Les Deux Alpes

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Les Deux Alpes
2alpes 230206.jpg
Location Isère, France
Nearest city Grenoble - 71 km (44 mi)
Coordinates 45°00′26″N 6°07′18″E / 45.00722°N 6.12167°E / 45.00722; 6.12167 (Les Deux Alpes)
Vertical 2,300 m (7,546 ft)
Top elevation 3,600 m (11,811 ft)
Base elevation 1,300 m (4,265 ft)
Skiable area 4.3 km2 (1,063 acres)
of marked pistes
Runs 100 total
- 21 green
- 47 blue
- 19 red
- 13 black
Lift system 51 total
- 1 funicular
- 3 cable cars
- 3 gondolas
- 23 chairlifts
- 21 surface lifts
Terrain parks 1
Snowmaking 214 cannons
Website les2alpes.com

Les Deux Alpes (also Les 2 Alpes or Les 2 Alpes 3600) is a ski resort in the French Isère département. The village sits at 1,650 m (5,413 ft) and lifts run to 3,600 m (11,811 ft). It has the largest skiable glacier in Europe and is France's second oldest ski resort behind Chamonix, where the largest mountain in western Europe is located, Mont Blanc. It has the longest, normally open full on-piste vertical available in the world.[1] It is a 71 km (44 mi) drive southeast of Grenoble.

Resort[edit]

The "two Alps" in the name do not refer to the two facing mountain-sides that comprise the resort, but rather to two adjacent areas of the original mountain pasture on the north-south plateau on which the resort was built. These pasture areas (or 'alps') are part of the two villages of Mont-de-Lans and Vénosc that lie in the deep valleys, respectively, to the north and south.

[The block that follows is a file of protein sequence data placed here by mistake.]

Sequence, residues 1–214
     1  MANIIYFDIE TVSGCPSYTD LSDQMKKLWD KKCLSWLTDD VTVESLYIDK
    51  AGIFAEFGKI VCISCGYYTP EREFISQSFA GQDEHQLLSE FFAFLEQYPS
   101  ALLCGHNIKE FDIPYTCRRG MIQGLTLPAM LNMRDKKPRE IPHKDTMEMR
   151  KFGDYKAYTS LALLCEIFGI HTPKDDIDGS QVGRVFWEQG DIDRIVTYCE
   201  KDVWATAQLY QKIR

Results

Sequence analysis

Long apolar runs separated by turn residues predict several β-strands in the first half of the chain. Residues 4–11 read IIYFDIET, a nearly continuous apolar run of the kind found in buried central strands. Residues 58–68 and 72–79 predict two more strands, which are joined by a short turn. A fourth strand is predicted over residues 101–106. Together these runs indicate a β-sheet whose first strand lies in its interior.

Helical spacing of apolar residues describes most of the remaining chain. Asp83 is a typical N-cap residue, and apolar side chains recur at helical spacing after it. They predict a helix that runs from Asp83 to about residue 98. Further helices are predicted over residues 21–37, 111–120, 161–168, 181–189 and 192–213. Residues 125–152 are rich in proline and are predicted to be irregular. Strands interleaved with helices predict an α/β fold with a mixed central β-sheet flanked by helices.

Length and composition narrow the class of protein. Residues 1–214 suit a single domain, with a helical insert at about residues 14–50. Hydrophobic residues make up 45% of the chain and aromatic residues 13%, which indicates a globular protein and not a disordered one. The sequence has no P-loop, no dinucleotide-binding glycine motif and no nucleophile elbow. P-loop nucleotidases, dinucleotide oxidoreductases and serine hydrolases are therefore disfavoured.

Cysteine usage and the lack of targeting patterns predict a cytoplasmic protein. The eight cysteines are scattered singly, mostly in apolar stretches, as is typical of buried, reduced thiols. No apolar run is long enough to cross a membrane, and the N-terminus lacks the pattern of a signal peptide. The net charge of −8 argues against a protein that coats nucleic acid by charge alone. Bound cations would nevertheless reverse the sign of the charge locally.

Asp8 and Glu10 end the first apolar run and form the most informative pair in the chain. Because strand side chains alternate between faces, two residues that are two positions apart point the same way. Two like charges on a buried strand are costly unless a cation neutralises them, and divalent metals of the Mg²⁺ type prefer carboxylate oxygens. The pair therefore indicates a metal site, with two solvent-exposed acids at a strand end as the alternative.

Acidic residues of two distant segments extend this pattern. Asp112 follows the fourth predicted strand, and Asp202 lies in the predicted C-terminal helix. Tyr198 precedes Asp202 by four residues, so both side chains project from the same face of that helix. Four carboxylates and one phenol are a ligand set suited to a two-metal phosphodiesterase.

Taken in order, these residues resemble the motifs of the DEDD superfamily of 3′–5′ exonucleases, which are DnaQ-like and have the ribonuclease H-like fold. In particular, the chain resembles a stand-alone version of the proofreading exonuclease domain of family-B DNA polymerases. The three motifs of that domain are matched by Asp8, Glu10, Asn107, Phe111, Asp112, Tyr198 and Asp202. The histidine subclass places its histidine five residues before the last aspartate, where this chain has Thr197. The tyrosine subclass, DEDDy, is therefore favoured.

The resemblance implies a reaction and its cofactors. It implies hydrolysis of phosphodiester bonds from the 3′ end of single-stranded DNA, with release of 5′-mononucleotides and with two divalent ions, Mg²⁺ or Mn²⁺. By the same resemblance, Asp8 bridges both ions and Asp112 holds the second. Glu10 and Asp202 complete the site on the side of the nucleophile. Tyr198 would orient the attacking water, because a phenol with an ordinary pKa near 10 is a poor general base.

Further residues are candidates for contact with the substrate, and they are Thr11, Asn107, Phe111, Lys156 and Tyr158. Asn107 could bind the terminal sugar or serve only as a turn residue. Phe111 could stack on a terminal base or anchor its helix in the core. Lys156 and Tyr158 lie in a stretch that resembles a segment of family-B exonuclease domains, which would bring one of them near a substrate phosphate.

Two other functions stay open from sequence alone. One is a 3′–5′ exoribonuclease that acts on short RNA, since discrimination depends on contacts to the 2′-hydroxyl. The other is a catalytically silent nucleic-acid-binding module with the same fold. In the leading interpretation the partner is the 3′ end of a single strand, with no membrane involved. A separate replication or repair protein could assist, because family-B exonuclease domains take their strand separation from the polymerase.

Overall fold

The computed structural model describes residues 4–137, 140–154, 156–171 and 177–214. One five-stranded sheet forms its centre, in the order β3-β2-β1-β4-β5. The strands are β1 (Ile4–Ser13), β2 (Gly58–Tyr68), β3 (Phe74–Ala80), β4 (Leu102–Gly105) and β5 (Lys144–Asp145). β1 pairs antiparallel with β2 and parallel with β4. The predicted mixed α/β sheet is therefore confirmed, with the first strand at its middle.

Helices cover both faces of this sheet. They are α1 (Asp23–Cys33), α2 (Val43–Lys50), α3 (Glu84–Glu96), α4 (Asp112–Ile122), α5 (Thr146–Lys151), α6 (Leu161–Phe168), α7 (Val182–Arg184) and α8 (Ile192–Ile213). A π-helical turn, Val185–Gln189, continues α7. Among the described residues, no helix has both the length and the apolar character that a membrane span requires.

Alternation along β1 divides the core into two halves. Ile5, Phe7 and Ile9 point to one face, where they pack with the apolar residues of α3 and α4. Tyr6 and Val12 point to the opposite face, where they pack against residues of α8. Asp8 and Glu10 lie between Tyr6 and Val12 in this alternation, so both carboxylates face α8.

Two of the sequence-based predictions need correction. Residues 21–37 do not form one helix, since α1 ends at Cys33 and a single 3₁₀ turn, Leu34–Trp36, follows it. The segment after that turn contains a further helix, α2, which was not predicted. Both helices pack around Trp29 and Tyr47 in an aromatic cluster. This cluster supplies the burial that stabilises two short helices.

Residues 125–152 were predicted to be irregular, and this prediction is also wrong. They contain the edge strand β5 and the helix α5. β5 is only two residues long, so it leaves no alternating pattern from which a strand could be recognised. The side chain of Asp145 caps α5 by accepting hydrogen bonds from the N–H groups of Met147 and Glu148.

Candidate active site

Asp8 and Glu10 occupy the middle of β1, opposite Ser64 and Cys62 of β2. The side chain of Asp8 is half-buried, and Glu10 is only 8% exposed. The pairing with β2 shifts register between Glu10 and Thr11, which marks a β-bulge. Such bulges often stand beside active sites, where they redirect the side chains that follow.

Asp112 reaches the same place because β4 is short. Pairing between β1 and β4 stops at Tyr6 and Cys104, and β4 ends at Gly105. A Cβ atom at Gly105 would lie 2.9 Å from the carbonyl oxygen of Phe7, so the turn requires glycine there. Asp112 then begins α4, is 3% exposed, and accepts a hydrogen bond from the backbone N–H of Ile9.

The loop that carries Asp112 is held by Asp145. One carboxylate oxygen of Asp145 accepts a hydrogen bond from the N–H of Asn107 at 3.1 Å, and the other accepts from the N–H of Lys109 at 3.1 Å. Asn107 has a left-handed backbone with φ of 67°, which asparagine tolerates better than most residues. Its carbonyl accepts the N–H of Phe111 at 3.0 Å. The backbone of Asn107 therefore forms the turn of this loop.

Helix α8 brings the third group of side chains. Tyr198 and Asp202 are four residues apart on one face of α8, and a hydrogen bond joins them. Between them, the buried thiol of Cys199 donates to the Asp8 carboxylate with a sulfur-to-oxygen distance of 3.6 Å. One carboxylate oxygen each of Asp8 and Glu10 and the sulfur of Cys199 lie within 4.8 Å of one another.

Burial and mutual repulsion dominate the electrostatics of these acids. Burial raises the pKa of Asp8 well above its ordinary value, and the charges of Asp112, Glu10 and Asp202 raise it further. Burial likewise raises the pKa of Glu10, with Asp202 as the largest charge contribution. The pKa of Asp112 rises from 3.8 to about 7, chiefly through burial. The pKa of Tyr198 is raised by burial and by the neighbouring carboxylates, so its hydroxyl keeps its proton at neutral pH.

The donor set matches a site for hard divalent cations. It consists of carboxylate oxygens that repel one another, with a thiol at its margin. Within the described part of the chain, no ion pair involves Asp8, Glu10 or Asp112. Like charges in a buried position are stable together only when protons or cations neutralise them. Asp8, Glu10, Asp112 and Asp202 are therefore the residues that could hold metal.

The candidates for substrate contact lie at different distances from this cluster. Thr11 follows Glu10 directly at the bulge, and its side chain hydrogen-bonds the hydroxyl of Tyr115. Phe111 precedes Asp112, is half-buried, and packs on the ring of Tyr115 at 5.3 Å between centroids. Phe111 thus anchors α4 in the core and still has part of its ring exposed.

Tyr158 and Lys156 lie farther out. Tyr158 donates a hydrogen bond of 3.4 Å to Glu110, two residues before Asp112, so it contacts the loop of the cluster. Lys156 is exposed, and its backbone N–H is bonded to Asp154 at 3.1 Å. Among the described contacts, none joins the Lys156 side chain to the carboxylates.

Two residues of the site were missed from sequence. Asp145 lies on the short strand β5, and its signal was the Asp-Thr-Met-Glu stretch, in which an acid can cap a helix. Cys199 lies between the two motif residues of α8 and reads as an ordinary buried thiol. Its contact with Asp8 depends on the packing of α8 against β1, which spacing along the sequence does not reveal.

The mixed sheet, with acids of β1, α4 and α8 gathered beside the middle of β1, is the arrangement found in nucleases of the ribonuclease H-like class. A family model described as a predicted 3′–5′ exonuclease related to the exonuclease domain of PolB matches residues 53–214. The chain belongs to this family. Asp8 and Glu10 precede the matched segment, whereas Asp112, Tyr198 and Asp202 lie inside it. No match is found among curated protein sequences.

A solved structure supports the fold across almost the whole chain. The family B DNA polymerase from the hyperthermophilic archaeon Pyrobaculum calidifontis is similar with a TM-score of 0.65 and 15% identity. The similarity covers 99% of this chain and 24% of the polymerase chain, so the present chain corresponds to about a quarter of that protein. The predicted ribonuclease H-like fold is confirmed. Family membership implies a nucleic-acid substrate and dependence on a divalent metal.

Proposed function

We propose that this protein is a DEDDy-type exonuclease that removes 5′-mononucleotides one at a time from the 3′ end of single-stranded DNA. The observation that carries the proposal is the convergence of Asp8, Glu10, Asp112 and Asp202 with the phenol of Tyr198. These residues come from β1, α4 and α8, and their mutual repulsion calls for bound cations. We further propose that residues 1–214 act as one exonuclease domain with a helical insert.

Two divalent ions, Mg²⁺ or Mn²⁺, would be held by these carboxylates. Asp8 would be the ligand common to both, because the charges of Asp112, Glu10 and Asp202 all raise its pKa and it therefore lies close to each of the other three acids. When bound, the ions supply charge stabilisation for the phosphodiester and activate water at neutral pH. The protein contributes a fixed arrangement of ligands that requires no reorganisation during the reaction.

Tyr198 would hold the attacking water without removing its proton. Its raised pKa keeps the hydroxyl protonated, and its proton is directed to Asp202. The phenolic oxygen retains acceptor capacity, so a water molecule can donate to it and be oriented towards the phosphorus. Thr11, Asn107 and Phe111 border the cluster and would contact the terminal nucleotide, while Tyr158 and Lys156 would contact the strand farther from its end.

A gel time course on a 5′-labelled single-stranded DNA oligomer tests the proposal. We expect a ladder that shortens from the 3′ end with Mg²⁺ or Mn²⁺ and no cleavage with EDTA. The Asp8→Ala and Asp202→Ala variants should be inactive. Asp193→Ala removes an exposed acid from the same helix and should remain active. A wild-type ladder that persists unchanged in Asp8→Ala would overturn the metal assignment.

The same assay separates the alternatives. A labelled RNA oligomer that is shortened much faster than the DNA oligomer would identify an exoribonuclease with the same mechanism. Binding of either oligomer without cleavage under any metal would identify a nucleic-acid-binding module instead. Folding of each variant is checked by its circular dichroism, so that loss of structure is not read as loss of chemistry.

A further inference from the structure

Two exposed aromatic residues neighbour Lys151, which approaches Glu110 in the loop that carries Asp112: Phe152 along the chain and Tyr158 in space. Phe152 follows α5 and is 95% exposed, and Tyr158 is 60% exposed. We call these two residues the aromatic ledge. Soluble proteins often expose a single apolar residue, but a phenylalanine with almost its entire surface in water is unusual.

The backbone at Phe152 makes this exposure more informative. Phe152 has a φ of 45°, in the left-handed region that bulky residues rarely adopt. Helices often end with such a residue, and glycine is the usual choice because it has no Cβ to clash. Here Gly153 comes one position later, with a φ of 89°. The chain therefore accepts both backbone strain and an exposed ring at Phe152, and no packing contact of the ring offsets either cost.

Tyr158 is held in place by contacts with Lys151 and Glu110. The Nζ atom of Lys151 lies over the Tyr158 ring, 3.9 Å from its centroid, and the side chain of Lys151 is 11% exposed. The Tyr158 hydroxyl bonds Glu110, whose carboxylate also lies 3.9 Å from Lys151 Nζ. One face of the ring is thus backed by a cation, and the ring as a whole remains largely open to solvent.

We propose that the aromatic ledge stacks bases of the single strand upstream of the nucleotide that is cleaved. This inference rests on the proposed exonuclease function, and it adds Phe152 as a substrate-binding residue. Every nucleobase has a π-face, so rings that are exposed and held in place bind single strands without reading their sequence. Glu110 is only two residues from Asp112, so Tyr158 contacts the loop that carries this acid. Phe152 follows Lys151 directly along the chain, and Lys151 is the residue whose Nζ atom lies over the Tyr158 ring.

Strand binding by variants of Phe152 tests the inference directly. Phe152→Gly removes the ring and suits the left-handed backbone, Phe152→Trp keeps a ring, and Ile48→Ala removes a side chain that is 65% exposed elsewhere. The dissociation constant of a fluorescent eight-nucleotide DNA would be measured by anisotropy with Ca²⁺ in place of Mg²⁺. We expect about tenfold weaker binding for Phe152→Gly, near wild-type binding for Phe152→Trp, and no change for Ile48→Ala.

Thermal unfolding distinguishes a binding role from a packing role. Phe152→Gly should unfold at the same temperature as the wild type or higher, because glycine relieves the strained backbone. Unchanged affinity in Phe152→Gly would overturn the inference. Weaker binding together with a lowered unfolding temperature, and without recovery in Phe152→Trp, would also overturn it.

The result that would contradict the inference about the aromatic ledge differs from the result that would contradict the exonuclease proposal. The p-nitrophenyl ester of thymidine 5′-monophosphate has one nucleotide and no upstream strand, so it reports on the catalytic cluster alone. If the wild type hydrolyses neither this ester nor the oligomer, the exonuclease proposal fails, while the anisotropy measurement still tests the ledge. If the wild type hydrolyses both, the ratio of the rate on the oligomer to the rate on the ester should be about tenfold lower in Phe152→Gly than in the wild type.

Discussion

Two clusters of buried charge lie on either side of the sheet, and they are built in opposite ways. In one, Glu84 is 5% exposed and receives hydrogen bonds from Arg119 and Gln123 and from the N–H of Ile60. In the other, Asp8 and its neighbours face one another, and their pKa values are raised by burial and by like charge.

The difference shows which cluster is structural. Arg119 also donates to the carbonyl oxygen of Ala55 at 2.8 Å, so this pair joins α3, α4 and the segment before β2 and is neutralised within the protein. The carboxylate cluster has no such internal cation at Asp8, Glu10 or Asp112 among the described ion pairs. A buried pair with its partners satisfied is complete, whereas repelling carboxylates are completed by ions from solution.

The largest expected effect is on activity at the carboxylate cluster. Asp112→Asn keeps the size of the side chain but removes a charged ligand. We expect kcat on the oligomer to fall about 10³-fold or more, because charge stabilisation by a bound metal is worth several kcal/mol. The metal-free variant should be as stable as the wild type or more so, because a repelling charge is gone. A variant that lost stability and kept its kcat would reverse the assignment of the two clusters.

Access to the resort is by road RD 1091, in Livet-et-Gavet - no road connects the resort to Vénosc down the steep slope to the south, but a gondola connects the two, and there is a footpath passable in summer.

Development[edit]

Les Deux Alpes is investing in innovation to make holiday experiences better. The resort is the site of a daring and unusual project, the first of its kind for European skiing. From December 2015, a brand new blue run will bring skiers and boarders right into the heart of the resort. 'Jandri 1' will be accessible to everyone, whatever their age and level of skill. Currently you return to resort on a black run, a very icy green run, or return by gondola.[2]

Winter[edit]

Les Deux Alpes offers approximately 220 km (137 mi) of pisted runs and 2,300 m (7,546 ft) of vertical drop. In terms of pistes the resort has been termed "upside-down", as the lower slopes down to the resort are steeper and more challenging than the higher ski areas, including the wide and forgiving glacier runs. Less advanced skiers either take a gondola down to the resort or follow a lengthy, gentle but narrow, track on the path of the access road. In winter 2015/2016 a new run will make an intermediate route to the resort available, an effort involving the movement of over 550,000 cubic meters of earth. A wide area at the very bottom by the town is given over to nursery slopes. In total there are 100 marked runs spread across the resort however, in addition, it is said to have as much off piste as groomed piste.[3]

Les Deux Alpes also boasts one of the most extensive and revered snowparks in Europe, with a halfpipe, multiple kickers, two boardercross courses and many grinding rails. The snowpark is re-modelled with new features added each season.